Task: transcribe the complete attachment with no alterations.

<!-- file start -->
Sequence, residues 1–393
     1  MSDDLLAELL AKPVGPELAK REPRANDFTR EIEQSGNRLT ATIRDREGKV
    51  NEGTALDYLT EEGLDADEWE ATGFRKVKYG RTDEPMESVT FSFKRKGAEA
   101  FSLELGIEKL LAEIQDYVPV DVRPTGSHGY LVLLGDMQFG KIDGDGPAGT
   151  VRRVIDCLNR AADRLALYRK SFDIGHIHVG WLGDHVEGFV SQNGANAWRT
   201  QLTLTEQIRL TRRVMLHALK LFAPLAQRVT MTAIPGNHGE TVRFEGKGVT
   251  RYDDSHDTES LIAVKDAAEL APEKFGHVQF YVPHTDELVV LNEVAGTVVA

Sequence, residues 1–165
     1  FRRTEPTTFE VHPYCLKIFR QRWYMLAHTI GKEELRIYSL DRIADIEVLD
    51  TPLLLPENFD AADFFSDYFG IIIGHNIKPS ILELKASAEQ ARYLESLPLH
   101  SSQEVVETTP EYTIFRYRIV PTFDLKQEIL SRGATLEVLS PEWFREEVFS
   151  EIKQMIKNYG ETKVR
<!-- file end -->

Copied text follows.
Sequence, residues 1–393
     1  MSDDLLAELL AKPVGPELAK REPRANDFTR EIEQSGNRLT ATIRDREGKV
    51  NEGTALDYLT EEGLDADEWE ATGFRKVKYG RTDEPMESVT FSFKRKGAEA
   101  FSLELGIEKL LAEIQDYVPV DVRPTGSHGY LVLLGDMQFG KIDGDGPAGT
   151  VRRVIDCLNR AADRLALYRK SFDIGHIHVG WLGDHVEGFV SQNGANAWRT
   201  QLTLTEQIRL TRRVMLHALK LFAPLAQRVT MTAIPGNHGE TVRFEGKGVT
   251  RYDDSHDTES LIAVKDAAEL APEKFGHVQF YVPHTDELVV LNEVAGTVVA

Sequence, residues 1–165
     1  FRRTEPTTFE VHPYCLKIFR QRWYMLAHTI GKEELRIYSL DRIADIEVLD
    51  TPLLLPENFD AADFFSDYFG IIIGHNIKPS ILELKASAEQ ARYLESLPLH
   101  SSQEVVETTP EYTIFRYRIV PTFDLKQEIL SRGATLEVLS PEWFREEVFS
   151  EIKQMIKNYG ETKVR